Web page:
I was a teacher for 10 years. While I certainly enjoyed having the summer off, I didn’t enjoy not getting paid in the summer. Eventually, my employer allowed me to choose between receiving 21 or 26 paychecks a year, but not all teachers have that option. However, there are ways teachers can budget for the summer if they’re only paid during the months they work. Using these strategies, you can maintain an even income all year long, even when you’re not getting paid.
How Teachers Can Budget for the Summer
To set this type of budget up, you need to know how much you spend all year long and how much take-home pay you receive throughout the year.
Determine Your Expenses
This first step is the tedious part of the process.
Gather Last Year’s Statements
You’ll want to go through all of your bills for the year: car payment, rent or house payment, utilities, spending, food, insurance, gas for your vehicle, automotive repairs, etc.
To do this, you will need to comb through bank statements and credit card receipts as well as utility payments.
Add Up Your Expenses for the Year
Then, you will add up all the money you spent on electricity throughout the year, for example. Let’s say it’s $2,300. Now, you’ll take that number and divide it by the number of paychecks you receive. If you receive 21 paychecks throughout the year, you’ll know that each paycheck you must set aside $109.52 for electricity.
Go ahead and repeat this process for all of your expenses.
Determine Your Take Home Pay
The next step is to look at your take-home pay every pay period. From your take-home pay amount, subtract the amounts you determined you need to set aside each paycheck for your expenses for the year, such as the $109.52 for electricity determined above.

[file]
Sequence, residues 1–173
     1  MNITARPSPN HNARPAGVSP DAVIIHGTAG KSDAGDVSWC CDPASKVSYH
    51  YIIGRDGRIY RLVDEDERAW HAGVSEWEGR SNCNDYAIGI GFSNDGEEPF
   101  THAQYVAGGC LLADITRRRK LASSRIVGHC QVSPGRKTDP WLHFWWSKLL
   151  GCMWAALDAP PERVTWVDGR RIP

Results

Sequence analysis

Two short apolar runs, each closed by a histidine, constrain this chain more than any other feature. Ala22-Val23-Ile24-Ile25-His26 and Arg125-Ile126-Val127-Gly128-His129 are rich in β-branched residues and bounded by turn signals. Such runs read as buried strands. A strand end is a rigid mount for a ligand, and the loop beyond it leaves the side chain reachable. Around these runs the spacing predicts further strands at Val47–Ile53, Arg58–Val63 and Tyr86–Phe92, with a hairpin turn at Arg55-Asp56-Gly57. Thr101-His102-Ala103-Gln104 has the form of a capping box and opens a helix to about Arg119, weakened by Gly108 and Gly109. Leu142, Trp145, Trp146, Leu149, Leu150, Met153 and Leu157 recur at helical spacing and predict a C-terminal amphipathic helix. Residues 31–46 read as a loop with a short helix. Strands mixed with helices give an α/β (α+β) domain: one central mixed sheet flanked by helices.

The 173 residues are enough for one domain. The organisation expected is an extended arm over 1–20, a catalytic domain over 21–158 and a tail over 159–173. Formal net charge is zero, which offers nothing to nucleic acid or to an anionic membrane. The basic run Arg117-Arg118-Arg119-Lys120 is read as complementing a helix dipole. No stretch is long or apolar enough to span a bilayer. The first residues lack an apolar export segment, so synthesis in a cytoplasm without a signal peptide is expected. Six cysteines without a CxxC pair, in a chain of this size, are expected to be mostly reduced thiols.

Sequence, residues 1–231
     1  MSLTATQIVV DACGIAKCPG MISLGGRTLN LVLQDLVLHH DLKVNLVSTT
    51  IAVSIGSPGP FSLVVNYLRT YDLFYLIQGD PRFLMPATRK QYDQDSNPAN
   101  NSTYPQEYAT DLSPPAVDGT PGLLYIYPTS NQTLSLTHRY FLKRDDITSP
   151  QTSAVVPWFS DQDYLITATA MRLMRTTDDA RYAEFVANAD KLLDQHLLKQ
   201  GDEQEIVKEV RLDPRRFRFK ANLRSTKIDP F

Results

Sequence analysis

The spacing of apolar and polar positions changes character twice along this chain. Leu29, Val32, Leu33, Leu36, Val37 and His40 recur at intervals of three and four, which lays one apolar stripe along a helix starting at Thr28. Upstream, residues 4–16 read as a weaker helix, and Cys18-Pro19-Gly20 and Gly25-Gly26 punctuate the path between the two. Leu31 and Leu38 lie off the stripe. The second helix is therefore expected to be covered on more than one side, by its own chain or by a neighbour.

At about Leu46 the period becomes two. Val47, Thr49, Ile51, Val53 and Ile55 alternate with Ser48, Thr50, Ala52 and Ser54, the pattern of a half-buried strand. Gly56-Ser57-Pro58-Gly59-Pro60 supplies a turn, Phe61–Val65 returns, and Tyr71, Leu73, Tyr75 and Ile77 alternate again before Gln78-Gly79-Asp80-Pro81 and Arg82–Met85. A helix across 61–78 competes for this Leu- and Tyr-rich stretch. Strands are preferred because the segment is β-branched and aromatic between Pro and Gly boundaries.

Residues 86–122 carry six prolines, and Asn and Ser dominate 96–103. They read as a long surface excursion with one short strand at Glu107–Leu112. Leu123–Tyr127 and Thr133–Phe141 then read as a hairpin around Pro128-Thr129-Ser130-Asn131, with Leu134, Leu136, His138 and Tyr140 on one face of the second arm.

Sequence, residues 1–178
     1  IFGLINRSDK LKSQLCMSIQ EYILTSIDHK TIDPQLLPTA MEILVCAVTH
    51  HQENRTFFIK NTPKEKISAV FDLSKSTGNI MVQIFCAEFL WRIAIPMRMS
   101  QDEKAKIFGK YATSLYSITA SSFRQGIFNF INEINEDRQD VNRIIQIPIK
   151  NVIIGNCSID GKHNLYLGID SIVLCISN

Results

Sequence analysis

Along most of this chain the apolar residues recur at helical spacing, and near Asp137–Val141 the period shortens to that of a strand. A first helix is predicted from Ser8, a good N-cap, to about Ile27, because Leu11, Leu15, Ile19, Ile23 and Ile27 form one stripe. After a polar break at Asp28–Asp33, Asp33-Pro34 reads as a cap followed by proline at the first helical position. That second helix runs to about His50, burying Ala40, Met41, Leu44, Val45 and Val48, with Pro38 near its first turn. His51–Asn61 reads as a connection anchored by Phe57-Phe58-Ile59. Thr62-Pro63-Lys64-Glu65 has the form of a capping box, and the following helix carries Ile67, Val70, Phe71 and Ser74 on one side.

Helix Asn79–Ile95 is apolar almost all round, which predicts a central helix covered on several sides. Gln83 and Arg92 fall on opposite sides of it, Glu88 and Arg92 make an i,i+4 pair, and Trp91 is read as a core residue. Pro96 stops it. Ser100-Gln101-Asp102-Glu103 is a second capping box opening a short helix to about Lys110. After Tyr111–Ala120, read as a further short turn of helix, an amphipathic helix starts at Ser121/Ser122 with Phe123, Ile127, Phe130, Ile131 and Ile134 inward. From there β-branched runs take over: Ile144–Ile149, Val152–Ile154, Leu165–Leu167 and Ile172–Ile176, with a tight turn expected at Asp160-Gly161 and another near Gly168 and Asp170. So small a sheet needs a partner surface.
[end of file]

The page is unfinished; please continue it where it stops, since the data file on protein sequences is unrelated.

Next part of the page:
Don’t be surprised if initially, your budget doesn’t balance. After all, you’re now trying to pay 12 months’ worth of expenses with nine months of pay. You may need to cut expenses some places to make sure that you have enough money to set aside for the three months you won’t be working.
How To Utilize the Budget
Using this budget, you’ll have the pay for twelve months of expenses set aside by the end of nine months. Every category in your budget should have a surplus big enough that you can pay bills for three months without getting a paycheck. For instance, when the electric bill comes due, you simply pay from that line item. No problem that you don’t have a paycheck because the money to pay the bills has already been set aside.
One Last Option
If you find you absolutely cannot make your budget balance, you can always take on summer work. One of my fellow co-workers moonlighted at a bookstore and then increased his hours at the bookstore during the summer. I frequently taught summer classes to supplement my income. However, there’s really nothing like a summer off if you’re one of the teachers who can budget for the summer. After all, teaching is a demanding job, and taking a break is a great way to recharge.